Doesn't always flow perfectly, but that is because it is very dense and well written.
Reading it is not effortless, but well worth it
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5 of 15 people found the following review helpful
2.0 out of 5 stars a rather pat string of examples of 'englishness', 21 Jan 2002
A gentlely amusing collection of anecdotes. The problem is it's a rather cliched look at England and the English, by someone far too in love with his own slighlty blinkered and rosey view of yesteryear to have much of value to say about the England (and English) of today and tomorrow. A little pedestrian for my tastes. George Orwell, he is not!
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7 of 20 people found the following review helpful
2.0 out of 5 stars Self indulgence, 30 Jan 2007
By 
D. Mcginty "Doolittle" (London, UK) - See all my reviews
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On the TV Jeremy is almost a hero of mine. However, like Stephen Fry, his writing style is nothing like you would have imagined. I put this book down and decided not to continue reading at the end of chapter one as I felt he was making sweeping comments and self indulgent generalisations about the English with no clear focus on anything in particular. Sorry!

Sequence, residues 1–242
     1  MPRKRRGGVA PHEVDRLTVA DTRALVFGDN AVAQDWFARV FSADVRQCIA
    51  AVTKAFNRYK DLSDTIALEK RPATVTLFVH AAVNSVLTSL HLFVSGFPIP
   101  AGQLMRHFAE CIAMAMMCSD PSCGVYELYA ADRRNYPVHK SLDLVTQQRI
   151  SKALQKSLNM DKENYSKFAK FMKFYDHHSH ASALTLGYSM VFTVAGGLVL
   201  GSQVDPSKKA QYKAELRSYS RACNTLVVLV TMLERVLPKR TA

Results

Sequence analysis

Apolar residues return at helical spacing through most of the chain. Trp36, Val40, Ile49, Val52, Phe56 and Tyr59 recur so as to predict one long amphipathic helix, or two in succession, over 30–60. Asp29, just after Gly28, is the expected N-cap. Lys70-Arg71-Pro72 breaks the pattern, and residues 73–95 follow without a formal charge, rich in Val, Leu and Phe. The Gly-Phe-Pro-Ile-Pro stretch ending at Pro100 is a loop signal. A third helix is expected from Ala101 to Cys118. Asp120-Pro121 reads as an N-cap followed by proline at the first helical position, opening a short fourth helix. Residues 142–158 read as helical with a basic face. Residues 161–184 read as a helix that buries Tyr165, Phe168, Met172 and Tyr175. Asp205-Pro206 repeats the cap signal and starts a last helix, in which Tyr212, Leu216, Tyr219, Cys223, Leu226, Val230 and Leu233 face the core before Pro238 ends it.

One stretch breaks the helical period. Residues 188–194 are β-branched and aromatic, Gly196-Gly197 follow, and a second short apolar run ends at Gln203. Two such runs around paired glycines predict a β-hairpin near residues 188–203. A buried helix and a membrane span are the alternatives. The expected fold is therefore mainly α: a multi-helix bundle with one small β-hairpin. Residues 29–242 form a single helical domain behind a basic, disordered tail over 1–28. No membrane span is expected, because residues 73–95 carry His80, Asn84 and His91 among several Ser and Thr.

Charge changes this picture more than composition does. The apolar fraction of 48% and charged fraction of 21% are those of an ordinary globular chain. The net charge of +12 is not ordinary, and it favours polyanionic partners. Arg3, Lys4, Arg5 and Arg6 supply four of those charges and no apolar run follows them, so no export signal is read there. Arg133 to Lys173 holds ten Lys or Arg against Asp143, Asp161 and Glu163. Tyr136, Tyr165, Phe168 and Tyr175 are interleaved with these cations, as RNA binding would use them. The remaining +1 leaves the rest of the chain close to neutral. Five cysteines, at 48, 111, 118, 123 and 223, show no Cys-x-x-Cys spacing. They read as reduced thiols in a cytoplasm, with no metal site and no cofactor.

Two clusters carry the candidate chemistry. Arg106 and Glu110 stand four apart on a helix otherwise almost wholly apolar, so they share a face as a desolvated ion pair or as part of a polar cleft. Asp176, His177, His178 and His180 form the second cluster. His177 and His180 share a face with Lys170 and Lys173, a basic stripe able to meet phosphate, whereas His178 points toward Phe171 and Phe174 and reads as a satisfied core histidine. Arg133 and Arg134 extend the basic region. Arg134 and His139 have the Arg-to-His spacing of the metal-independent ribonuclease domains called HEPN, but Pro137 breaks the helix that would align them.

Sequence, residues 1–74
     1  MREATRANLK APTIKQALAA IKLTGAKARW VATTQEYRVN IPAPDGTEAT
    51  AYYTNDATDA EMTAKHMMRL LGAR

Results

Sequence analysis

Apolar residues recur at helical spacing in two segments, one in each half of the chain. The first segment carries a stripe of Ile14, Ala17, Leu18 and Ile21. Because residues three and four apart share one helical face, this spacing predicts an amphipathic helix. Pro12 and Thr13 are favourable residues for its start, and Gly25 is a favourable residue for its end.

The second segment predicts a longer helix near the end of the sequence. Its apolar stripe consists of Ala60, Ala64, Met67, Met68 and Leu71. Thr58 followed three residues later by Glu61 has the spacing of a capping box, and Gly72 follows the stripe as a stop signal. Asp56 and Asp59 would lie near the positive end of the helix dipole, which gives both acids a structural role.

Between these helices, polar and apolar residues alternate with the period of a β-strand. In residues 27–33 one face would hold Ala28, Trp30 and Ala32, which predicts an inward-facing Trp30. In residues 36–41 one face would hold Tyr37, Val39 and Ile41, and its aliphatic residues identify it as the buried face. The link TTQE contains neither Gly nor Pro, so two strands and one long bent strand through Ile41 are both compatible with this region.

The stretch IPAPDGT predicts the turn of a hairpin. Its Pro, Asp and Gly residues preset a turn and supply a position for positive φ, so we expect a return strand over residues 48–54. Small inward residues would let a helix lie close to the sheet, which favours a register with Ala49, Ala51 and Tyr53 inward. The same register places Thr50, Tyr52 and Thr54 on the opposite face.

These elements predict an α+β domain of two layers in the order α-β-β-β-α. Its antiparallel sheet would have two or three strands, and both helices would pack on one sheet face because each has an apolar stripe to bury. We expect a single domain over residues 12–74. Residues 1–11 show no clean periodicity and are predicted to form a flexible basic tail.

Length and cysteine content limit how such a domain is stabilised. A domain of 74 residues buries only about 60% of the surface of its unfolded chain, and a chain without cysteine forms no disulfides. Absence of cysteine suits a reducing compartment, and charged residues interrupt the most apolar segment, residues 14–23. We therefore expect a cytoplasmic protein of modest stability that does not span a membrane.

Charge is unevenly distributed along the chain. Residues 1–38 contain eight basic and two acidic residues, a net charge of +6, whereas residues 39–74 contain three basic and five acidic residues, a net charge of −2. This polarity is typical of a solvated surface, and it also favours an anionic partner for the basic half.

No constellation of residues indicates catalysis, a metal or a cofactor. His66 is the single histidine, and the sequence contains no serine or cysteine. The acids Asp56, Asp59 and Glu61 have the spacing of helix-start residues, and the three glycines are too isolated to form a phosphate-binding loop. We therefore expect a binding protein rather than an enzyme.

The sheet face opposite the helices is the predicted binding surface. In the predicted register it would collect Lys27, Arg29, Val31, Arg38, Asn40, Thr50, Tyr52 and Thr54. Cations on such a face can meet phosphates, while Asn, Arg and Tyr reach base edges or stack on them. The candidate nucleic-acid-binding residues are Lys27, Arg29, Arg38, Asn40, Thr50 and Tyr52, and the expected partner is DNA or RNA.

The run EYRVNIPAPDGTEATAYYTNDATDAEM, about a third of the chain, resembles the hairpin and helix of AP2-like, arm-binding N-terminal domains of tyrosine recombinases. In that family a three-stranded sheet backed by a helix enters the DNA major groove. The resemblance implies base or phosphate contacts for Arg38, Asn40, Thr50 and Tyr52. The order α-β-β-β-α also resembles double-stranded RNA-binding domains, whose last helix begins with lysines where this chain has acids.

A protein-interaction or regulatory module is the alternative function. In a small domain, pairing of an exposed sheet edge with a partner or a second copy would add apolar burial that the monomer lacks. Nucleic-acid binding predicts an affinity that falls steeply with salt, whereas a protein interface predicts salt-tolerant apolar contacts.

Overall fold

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3 of 11 people found the following review helpful
2.0 out of 5 stars John Bull or just bull?, 11 Mar 2003
By 
Timothy De Ferrars (France) - See all my reviews
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I was disappointed by this book. I had expected something incisive and controversial, but what I got was listlessly-researched and poorly-structured. This is poor fare, literary plum duff, and it seems lazy and timid when compared with any number of excellent books in this area written in recent years by authors who cannot rest on such a reputation as Paxman's.
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3 of 12 people found the following review helpful
1.0 out of 5 stars Facile, 1 May 2000
Paxman relies on platitudes and never really, I think, cuts into what it really means to be English. The book is easy to read; never a good sign, and I think his conlusions and observations are almost lazy in the way that they recycle what is already commonly thought.
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The English: A Portrait of a People
The English: A Portrait of a People by Jeremy Paxman (Paperback - 6 Sep 2007)